Original Article

Journal of Human Genetics

, Volume 52, Issue 4, pp 308-316

First online:

Population history of the Dniester–Carpathians: evidence from Alu markers

  • Alexander VarzariAffiliated withNational Center of Reproductive Health and Medical GeneticsBiocentre, Ludwigs-Maximilian University MunichInstitute of Archaeology and Ethnography, Academy of Sciences of Moldova Email author 
  • , Wolfgang StephanAffiliated withBiocentre, Ludwigs-Maximilian University Munich
  • , Vadim StepanovAffiliated withResearch Institute of Medical Genetics, Russian Academy of Medical Sciences
  • , Florina RaicuAffiliated withAnthropological Research Centre “Francisc Rainer”, Romanian Academy
  • , Radu CojocaruAffiliated withNational Scientific and Practical Centre for Preventive Medicine, Ministry of Health
  • , Yuri RoschinAffiliated withMedical Diagnostical Centre “Modus Vivendi”
  • , Cristiana GlavceAffiliated withAnthropological Research Centre “Francisc Rainer”, Romanian Academy
  • , Valentin DergachevAffiliated withInstitute of Archaeology and Ethnography, Academy of Sciences of Moldova
  • , Maria SpiridonovaAffiliated withResearch Institute of Medical Genetics, Russian Academy of Medical Sciences
    • , Horst D. SchmidtAffiliated withDepartment of Anthropology, University of Ulm
    • , Elisabeth WeissAffiliated withBiocentre, Ludwigs-Maximilian University Munich

Rent the article at a discount

Rent now

* Final gross prices may vary according to local VAT.

Get Access


The area between the Dniester and the eastern Carpathian mountain range is at a geographical crossroads between eastern Europe and the Balkans. Little is known about the genetics of the population of this region. We performed an analysis of 12 binary autosomal markers in samples from six Dniester–Carpathian populations: two Moldavian, one Romanian, one Ukrainian and two Gagauz populations. The results were compared with gene frequency data from culturally and linguistically related populations from Southeast Europe and Central Asia. Small genetic differences were found among southeastern European populations (in particular those of the Dniester–Carpathian region). The observed homogeneity suggests either a very recent common ancestry of all southeastern European populations or strong gene flow between them. Despite this low level of differentiation, tree reconstruction and principle component analyses allowed a distinction between Balkan–Carpathian (Macedonians, Romanians, Moldavians, Ukrainians and Gagauzes) and eastern Mediterranean (Turks, Greeks and Albanians) population groups. The genetic affinities among Dniester–Carpathian and southeastern European populations do not reflect their linguistic relationships. The results indicate that the ethnic and genetic differentiations occurred in these regions to a considerable extent independently of each other. In particular, Gagauzes, a Turkic-speaking population, show closer affinities to their geographical neighbors than to other Turkic populations.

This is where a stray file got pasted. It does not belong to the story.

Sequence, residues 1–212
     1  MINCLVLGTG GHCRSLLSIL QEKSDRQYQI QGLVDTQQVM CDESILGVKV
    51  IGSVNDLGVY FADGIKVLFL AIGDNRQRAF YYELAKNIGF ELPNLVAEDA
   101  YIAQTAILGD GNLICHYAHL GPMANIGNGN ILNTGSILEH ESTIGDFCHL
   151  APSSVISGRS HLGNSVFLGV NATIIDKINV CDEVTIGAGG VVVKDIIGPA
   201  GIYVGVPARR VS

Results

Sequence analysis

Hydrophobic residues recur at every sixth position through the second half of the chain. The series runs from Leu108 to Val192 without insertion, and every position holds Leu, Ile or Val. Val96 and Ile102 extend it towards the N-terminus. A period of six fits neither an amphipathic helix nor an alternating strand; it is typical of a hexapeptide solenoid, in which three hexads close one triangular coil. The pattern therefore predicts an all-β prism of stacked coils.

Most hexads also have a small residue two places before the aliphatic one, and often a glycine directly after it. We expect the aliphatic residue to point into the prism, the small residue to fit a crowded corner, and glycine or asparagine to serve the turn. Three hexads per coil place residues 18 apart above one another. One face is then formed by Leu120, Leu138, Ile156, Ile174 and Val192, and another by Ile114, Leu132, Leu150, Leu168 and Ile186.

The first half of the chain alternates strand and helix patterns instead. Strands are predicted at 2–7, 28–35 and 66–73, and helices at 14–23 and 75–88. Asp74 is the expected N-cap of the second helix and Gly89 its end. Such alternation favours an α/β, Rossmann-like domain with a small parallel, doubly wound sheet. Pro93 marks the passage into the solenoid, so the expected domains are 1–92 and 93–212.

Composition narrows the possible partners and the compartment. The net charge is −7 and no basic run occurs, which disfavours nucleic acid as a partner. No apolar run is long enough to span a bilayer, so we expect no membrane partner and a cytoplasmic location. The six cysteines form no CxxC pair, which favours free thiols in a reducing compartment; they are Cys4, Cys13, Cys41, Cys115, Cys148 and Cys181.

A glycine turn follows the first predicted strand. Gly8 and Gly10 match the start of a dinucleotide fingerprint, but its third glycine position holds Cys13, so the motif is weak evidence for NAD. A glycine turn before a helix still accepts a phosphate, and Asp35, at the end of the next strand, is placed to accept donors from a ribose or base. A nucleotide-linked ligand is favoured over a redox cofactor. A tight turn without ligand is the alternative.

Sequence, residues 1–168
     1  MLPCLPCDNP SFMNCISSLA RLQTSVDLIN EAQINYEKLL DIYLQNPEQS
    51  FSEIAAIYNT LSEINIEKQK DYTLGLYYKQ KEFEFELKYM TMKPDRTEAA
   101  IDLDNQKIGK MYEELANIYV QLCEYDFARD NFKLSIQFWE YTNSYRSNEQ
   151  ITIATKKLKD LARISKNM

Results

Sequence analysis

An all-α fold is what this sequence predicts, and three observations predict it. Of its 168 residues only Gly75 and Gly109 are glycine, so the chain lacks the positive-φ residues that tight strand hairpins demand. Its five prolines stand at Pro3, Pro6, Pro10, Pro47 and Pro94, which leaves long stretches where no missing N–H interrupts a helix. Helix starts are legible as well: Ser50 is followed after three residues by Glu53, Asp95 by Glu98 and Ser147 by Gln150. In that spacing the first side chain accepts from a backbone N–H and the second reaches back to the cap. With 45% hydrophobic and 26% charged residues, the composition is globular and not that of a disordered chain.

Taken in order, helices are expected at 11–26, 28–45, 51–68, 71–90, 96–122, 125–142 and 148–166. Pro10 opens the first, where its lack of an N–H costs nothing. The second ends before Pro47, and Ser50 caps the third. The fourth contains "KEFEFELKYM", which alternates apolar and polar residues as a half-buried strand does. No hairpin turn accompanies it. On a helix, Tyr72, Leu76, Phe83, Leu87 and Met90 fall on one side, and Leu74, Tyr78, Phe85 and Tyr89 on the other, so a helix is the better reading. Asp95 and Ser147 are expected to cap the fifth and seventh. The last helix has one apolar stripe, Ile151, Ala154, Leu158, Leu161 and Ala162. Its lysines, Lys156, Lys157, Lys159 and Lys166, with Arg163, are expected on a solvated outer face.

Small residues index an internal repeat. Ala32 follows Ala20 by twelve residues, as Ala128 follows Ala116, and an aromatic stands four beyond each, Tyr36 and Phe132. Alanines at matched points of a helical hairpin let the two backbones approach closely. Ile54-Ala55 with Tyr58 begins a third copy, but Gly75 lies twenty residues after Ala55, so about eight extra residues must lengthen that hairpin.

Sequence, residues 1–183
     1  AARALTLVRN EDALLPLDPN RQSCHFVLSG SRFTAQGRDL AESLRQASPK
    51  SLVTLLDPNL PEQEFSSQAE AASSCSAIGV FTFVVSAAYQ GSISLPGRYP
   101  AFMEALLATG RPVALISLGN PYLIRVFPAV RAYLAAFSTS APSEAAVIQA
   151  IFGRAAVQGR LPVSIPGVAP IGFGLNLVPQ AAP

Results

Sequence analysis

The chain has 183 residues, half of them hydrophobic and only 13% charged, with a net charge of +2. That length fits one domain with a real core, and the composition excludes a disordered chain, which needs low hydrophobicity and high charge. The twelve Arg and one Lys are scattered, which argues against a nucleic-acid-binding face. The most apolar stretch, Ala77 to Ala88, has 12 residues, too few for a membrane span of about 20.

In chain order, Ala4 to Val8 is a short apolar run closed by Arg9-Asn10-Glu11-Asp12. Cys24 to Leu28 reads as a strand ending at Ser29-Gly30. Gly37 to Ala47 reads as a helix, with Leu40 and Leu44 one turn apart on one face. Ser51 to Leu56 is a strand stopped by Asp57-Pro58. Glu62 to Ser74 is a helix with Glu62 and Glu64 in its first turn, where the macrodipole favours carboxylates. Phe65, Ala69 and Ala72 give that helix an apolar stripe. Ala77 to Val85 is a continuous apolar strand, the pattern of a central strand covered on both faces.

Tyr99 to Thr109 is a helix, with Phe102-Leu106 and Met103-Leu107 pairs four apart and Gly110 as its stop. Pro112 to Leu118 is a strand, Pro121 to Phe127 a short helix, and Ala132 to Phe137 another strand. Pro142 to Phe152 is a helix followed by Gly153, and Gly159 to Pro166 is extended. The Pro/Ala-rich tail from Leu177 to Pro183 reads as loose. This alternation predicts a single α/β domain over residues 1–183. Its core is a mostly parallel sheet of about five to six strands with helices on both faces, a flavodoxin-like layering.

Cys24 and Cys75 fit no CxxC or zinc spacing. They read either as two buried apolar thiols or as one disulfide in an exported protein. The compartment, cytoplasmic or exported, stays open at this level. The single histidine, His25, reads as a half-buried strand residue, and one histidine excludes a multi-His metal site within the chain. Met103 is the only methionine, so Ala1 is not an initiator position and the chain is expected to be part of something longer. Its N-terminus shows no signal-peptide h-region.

Alu insertion DNA polymorphism Moldavians Romanians Ukrainians Gagauzes Population structure